China’s intelligence service, the Ministry of State Security, offers a snapshot of the political intrigue taking place within the regime of President Xi Jinping.
The MSS has replaced two vice ministers within the past four years, after reports of political infighting and scandal. The current minister is said to be a figurehead, with the real power held by a hard-line Xi loyalist who was drafted last year from the party’s discipline commission.
This shake-up within the intelligence service mirrors China’s broader political turmoil, stemming largely from Xi’s anti-corruption campaign. This effort, which began soon after Xi became Communist Party chief in 2012, has targeted prominent military, security and political figures — and created what many China-watchers say is a backlash against Xi.
Recent newspaper headlines convey the unrest that’s swirling in China: “Grumbling mounts in China, even in the party. Is President Xi losing his grip?” asked a Post news article this week. “Anonymous Call for Xi to Quit Rattles Party Leaders in China,” the New York Times reported. But experts caution that despite such talk, Xi’s hold on power probably remains firm.
The signs of internal discord come against the background of Xi’s attempts over the past four years to purge corrupt or disloyal officials. His instrument has been the Central Commission for Discipline Inspection, headed by Wang Qishan, a member of the Politburo’s standing committee who is said to be Xi’s closest adviser.
Several independent China analysts offered an account of the upheaval within the MSS, based largely on Chinese and foreign media reports. A CIA official, asked to comment, declined.
The security ministry’s recent troubles came to light with the removal of a vice minister, Lu Zhongwei, in 2012. Analysts believe he was purged after the reported arrest that year of his executive assistant, who was accused of spying for the CIA. China-watchers say that more than 350 people were investigated after the incident.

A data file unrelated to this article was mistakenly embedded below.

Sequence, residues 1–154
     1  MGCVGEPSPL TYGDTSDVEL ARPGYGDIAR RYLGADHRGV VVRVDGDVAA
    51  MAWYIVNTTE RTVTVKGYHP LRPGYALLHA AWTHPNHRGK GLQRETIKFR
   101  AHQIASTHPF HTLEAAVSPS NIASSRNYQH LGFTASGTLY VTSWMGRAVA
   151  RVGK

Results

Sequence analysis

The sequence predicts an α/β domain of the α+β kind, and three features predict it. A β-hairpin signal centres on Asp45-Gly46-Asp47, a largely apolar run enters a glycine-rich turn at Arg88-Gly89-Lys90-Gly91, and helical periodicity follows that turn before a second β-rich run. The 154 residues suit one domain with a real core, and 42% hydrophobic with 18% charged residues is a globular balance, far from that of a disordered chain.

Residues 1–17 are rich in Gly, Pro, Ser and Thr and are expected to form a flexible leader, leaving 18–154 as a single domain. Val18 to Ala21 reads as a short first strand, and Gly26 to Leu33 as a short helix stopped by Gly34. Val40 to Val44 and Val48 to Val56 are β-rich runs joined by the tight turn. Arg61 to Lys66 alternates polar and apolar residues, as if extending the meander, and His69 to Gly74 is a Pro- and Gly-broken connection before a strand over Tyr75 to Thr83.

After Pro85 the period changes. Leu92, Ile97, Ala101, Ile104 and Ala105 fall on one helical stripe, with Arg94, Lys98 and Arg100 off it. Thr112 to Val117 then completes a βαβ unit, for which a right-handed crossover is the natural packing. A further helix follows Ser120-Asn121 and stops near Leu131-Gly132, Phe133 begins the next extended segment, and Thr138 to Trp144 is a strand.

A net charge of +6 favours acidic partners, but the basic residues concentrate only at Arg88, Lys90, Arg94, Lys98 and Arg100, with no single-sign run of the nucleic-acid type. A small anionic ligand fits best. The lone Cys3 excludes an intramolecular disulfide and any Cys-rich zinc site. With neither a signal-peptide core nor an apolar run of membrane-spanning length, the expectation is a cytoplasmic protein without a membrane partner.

The next top MSS official to fall was Vice Minister Ma Jian. He was a solid operations officer who had been in charge of counterespionage since 2006. But Ma had close ties to Chinese business executives, such as real estate tycoon Guo Wengui, who were said to be under investigation by the discipline commission.
Ma was arrested in January 2015. When investigators swept his apartments, they are said to have found transcripts of wiretaps made secretly of Xi and other party leaders. Guo left China and may now be living in the United States, China-watchers say. In an interview last year with the South China Morning Post, Guo denied connection to any allegation involving Ma.
With Ma’s fall, the dominant figure remaining at the security ministry was Minister Geng Huichang, who had held the top post since August 2007. Though he remains minister, he lost the more important title of MSS party secretary last year, and he is expected to retire at 65 later this year.
The new strongman at the MSS is Chen Wenqing, who was appointed MSS party secretary last year. He’s an ex-police chief and a party disciplinarian. Experts say his new role in intelligence illustrates Xi’s attempt to control power.
Chen’s links with Xi’s camp are said to have been formed in Fujian Province in eastern China. Xi was a top party official there from 1985 to 2002. When Chen arrived in Fujian in 2006 as secretary of the provincial discipline committee, he bonded with Xi’s allies.
Chen was brought to Beijing as vice secretary of the central discipline commission in 2012. He soon became a close associate of Wang Qishan, who made the discipline commission the instrument of Xi’s anti-corruption drive.
Behind China’s turmoil lies the purge of Zhou Yongkang, who oversaw intelligence, police and law enforcement and was seen as the godfather of China’s security establishment. Zhou retired from the Politburo in 2012 and was convicted of bribery last year. Given Zhou’s connections throughout China’s power structure, this move set off shock waves that continue to this day.
One example of the fallout from Zhou’s ouster is the case of Liang Ke, who since 2008 had headed Beijing’s state security bureau, the MSS’s office in the capital. He was arrested in 2014 by the discipline commission; China-watchers say he was suspected of tapping Xi’s phones at Zhou’s urging.
“The opposition to Xi has been an existential crisis for the regime, and that’s why they’ve had to spend so much time cleaning it up,” says Christopher Johnson, a former CIA China analyst who’s now a senior adviser at the Center for Strategic and International Studies. But he cautions: “Reports of Xi’s demise are badly overstated.”
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